Sunday, January 17, 2021

Playing With Mystery

The School of Night

The School of Night 

“What is a holy mass, Tom, if not a play? A wedding? A coronation? do you wish to know why I am a playmaker? Because I know that, at every moment, we are in the midst of some play. Only in an arena that calls itself theater may we stand outside the real theater - our lives - and we see them in all their truth, Tom. By which, if course, I mean their tragedy.”  ― Louis Bayard, The School of Night

I enjoy historical novels especially when they involve mystery and intrigue. An Instance of the Fingerpost by Ian Pears comes to mind as a particular favorite. Bayard's novel is similar while adding a contemporary mystery with its counterpart set at the end of the Elizabethan era.

Henry Cavendish is a disgraced Elizabethan scholar, fooled by a forgery of a poem supposedly written by Walter Raleigh. As a result, Henry has chosen to turn to tutoring and odd jobs in Washington, D.C. As the story begins he has reconnected with Alonzo Wax, a college friend and a book collector. The eccentric Wax, perhaps the most interesting character in the novel, has purloined part of a letter that sheds light on the fabled "School of Night", a secret congregation of illustrious Elizabethan-era intellects like Raleigh, Christopher Marlowe and a brilliant but little-known scientist named Thomas Harriot. The school delved into theology, philosophy and science perhaps bordering on alchemy, in a manner thought traitorous and blasphemous. Wax apparently commits suicide, but he also reveals his discovery to Cavendish, and to Clarissa Dale, a woman Wax met at a lecture who claims psychic visions of Harriot, and to another antique book collector.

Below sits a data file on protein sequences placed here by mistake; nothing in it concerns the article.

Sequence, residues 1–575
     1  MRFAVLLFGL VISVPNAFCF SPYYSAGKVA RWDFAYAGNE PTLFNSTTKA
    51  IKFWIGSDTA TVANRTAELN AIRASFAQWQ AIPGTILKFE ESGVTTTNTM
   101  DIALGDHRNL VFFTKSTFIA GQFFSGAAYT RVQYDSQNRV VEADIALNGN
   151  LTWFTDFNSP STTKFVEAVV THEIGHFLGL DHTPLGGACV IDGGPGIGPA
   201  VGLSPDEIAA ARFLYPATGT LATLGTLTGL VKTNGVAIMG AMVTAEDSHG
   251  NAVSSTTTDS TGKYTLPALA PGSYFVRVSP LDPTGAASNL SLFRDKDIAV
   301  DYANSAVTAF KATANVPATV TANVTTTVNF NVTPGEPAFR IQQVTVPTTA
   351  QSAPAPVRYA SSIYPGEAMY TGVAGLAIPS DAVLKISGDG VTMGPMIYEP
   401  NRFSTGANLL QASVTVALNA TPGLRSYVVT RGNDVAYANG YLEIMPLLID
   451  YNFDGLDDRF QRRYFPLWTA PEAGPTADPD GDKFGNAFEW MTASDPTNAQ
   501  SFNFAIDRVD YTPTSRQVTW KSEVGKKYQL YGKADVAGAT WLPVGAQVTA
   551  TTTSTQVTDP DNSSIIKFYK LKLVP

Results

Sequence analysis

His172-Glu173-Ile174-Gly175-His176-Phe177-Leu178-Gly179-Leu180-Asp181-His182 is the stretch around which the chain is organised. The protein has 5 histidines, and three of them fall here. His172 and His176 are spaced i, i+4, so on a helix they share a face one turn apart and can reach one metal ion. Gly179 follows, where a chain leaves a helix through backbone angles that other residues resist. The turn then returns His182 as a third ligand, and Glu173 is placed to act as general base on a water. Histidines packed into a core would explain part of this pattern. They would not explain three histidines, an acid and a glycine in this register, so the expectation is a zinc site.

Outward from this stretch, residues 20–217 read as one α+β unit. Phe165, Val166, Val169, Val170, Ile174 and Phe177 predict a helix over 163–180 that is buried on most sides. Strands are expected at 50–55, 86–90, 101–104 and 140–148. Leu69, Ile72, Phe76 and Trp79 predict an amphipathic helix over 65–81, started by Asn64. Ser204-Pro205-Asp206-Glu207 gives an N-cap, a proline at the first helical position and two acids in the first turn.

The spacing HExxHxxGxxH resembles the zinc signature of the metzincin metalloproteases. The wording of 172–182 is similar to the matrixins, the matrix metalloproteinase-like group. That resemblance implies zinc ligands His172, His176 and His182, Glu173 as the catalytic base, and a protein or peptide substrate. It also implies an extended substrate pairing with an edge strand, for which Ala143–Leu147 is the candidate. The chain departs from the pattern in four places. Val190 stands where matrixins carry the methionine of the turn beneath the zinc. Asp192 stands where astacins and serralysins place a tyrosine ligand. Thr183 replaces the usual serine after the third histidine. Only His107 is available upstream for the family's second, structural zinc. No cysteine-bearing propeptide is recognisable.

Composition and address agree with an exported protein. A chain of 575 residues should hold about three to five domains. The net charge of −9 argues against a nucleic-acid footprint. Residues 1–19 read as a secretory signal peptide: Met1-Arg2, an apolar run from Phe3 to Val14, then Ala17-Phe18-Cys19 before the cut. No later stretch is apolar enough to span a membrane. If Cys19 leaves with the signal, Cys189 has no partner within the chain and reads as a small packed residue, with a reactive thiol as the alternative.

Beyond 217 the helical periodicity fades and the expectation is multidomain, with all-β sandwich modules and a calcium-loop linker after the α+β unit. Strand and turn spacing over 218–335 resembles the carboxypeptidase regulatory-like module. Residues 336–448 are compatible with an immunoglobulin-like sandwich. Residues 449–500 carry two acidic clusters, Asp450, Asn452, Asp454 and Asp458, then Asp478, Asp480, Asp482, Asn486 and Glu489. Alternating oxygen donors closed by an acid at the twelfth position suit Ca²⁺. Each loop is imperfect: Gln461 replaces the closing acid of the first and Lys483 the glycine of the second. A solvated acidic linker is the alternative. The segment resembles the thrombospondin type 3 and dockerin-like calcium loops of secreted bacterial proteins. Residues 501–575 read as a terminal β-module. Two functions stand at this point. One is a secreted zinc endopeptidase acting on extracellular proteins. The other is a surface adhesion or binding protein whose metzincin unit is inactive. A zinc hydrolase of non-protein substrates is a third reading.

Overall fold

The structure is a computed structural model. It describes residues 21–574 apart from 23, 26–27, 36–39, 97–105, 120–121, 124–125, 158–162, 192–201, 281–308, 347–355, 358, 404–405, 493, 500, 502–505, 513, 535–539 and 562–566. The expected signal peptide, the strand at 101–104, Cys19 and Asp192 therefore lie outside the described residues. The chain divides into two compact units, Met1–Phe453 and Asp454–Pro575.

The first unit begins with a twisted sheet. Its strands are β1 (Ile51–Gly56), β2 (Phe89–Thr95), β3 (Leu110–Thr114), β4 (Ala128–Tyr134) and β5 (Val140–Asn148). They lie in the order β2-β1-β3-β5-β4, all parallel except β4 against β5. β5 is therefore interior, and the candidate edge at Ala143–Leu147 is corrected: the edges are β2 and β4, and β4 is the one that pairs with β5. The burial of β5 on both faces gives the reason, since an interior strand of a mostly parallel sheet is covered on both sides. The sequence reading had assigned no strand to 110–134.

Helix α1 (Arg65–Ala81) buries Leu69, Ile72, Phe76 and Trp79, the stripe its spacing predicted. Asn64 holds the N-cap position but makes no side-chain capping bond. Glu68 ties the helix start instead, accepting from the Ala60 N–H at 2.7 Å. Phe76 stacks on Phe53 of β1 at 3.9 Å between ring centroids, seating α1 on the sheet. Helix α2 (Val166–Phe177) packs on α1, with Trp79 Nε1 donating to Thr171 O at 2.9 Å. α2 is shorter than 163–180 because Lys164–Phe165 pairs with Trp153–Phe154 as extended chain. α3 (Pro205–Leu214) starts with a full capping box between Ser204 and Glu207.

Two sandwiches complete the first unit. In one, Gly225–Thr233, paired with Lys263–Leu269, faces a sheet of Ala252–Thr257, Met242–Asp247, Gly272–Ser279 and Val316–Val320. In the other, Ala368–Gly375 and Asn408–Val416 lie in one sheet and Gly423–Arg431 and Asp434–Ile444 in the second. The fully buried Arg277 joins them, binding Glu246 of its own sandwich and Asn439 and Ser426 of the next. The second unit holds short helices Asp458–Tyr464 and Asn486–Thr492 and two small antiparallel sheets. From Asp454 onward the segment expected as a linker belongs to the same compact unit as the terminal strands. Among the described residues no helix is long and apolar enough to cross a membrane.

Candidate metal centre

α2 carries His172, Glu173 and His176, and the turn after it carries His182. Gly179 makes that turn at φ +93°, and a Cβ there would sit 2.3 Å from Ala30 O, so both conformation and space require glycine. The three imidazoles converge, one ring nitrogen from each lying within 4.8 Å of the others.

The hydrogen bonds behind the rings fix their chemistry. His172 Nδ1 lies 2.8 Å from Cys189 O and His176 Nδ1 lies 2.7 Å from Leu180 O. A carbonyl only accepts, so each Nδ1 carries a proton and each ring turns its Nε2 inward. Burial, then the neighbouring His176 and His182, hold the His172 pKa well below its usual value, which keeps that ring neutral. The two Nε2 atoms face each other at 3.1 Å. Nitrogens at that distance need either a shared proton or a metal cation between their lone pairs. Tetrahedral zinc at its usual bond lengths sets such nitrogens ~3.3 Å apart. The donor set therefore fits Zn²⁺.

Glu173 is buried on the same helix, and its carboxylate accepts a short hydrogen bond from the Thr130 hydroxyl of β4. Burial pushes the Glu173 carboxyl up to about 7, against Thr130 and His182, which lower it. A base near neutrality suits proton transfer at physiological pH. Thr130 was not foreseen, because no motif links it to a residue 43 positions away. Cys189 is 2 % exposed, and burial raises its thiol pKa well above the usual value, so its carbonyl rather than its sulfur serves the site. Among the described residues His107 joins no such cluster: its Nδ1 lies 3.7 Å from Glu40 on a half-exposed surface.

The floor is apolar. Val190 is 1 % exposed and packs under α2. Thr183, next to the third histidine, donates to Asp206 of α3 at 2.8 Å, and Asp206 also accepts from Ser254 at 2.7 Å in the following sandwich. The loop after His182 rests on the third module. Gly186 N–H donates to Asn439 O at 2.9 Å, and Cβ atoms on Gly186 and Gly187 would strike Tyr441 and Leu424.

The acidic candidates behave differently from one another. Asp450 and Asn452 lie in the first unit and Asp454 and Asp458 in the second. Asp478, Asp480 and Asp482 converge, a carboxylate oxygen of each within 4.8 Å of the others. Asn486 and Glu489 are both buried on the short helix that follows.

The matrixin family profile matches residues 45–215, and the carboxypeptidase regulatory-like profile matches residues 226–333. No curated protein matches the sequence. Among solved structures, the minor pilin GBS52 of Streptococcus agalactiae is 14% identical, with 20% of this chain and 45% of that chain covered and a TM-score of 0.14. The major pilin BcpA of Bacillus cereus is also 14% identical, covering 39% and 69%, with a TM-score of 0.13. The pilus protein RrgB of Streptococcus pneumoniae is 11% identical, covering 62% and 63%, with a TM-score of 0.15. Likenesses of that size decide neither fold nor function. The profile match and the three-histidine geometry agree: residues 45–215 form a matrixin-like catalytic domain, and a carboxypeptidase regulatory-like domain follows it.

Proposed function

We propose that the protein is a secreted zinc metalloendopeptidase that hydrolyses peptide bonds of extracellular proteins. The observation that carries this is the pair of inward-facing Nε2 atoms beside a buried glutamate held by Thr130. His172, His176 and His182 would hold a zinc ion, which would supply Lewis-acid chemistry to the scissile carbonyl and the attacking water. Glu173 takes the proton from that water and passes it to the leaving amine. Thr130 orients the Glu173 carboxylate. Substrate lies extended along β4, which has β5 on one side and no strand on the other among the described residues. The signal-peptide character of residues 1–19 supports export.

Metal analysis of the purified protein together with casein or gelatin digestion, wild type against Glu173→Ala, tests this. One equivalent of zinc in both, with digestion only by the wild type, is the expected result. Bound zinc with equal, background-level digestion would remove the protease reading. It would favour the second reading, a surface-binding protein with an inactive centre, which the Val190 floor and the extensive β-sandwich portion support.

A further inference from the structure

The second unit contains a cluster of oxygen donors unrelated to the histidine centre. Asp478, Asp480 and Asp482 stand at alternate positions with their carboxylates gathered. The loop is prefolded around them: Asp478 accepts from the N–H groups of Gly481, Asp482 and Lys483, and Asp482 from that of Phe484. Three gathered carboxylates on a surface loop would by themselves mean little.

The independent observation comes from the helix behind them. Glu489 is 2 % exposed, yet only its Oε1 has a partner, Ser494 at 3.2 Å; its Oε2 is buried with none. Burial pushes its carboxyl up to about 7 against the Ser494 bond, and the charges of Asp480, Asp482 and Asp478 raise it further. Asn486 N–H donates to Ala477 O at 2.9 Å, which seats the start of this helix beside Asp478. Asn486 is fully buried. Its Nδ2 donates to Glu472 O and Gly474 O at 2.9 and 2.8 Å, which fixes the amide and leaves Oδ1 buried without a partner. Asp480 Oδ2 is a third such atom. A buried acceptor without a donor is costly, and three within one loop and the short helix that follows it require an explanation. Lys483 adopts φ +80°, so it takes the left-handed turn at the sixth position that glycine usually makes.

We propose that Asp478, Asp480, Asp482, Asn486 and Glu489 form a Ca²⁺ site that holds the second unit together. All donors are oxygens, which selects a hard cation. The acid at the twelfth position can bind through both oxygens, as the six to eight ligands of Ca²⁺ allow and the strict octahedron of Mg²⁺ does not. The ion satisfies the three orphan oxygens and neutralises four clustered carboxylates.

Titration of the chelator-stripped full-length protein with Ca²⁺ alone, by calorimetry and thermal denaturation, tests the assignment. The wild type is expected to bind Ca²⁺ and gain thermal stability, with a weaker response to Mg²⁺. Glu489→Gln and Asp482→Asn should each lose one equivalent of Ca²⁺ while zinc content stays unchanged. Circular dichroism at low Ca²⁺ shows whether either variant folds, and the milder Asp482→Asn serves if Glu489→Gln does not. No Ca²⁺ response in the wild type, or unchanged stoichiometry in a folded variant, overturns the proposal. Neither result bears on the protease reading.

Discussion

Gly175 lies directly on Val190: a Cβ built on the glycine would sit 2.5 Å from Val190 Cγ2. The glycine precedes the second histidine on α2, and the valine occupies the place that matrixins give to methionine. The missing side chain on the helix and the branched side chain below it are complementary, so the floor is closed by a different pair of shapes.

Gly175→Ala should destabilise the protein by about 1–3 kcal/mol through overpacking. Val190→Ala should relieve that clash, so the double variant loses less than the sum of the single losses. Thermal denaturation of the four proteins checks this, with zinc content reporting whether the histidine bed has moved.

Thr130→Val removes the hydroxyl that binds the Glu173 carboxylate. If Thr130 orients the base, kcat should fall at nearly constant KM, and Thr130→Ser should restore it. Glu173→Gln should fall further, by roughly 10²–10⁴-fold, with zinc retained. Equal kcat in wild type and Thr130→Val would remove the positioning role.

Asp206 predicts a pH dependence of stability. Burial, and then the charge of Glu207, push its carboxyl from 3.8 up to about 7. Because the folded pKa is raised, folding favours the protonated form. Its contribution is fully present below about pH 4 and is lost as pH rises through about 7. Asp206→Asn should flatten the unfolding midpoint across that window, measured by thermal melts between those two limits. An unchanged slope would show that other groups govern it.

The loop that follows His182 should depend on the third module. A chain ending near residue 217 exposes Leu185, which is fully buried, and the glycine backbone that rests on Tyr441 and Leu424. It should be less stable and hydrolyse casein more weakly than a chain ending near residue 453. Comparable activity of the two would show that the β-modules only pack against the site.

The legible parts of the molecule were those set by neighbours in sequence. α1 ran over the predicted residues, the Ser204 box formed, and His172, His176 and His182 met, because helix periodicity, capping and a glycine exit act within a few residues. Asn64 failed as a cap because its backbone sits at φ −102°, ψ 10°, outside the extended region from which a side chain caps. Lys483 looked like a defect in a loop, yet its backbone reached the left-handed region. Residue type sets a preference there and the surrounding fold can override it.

At Wax's memorial service, Henry is approached by the supposed owner of the letter, an English antiquities collector named Bernard Styles, and offered a handsome sum to find and return the letter. No sooner than he starts to inquire about this Wax's devoted assistant is murdered and Wax's collection is stolen. Henry and Clarissa uncover clues that lead them to the Outer Banks of North Carolina, near where Harriot studied Native Americans during the failed attempt to establish an English colony. There they find Wax in hiding, claiming the letter points to a treasure. Clues then lead the trio to Syon House in England, the ancestral seat of the Earl of Northumberland, where Harriot once lived.

Through all of the contemporary adventures there are flashbacks provided in interpolated chapters set in the historical Elizabethan era featuring Thomas Harriot and his love, Margaret Crookshanks. The combination of the ancient mystery, lost treasure, and suspenseful intrigue, make this an historical novel that I can recommend to all.


Brian Joseph said...

The plot of this one sounds so good.

I love the bookish connections and The School of Night sounds both intriguing and a very fun plot device.

The plot elements also sound wide ranging.

mudpuddle said...

i really liked "Fingerpost" and this sounds comparable, if a bit complicated... i'll order a copy anyway, tx...

James said...

@Brian - Thanks for your comment. The combination of history and mystery seems to work well.

@mudpuddle - The combination of two different time periods adds to the layers of mystery.

CyberKitten said...

Sounds excellent. I'm a fan of historical novels/mysteries as you no doubt know from my Blog postings. I have a few in my Review Pile I think you'll like plus I have a few similar to this review scattered around somewhere. I'll see if I can dig them out of their hiding places sooner rather than later.

James said...

Thanks for your comment. I enjoy historical novels when I have time to fit them into my reading plans.

Kathy's Corner said...

Hi James, When it comes to historical novels I find the Tudor/Elizabethian period very interesting and The School of Night sounds like the author really has done his homework on that period. I also like historical novels where the present day characters learn from exploring the past. I am going to check out this author.

James said...

This is a very good historical novel, not at the level of Hillary Mantel, but well done with a compelling mystery angle.